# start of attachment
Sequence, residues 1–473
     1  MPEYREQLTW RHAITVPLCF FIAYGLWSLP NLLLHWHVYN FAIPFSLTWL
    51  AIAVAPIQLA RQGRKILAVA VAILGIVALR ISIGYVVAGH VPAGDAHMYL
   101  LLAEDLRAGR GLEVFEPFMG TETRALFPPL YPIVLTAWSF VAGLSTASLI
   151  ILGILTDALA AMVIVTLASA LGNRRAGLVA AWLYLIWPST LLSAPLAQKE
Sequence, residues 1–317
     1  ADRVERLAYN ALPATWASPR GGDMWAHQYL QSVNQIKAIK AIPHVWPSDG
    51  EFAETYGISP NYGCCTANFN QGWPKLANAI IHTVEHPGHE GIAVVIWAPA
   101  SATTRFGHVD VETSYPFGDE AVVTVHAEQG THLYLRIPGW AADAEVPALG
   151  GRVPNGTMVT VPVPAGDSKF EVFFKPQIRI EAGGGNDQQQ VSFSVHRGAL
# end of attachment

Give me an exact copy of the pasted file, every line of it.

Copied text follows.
Sequence, residues 1–473
     1  MPEYREQLTW RHAITVPLCF FIAYGLWSLP NLLLHWHVYN FAIPFSLTWL
    51  AIAVAPIQLA RQGRKILAVA VAILGIVALR ISIGYVVAGH VPAGDAHMYL
   101  LLAEDLRAGR GLEVFEPFMG TETRALFPPL YPIVLTAWSF VAGLSTASLI
   151  ILGILTDALA AMVIVTLASA LGNRRAGLVA AWLYLIWPST LLSAPLAQKE
Sequence, residues 1–317
     1  ADRVERLAYN ALPATWASPR GGDMWAHQYL QSVNQIKAIK AIPHVWPSDG
    51  EFAETYGISP NYGCCTANFN QGWPKLANAI IHTVEHPGHE GIAVVIWAPA
   101  SATTRFGHVD VETSYPFGDE AVVTVHAEQG THLYLRIPGW AADAEVPALG
   151  GRVPNGTMVT VPVPAGDSKF EVFFKPQIRI EAGGGNDQQQ VSFSVHRGAL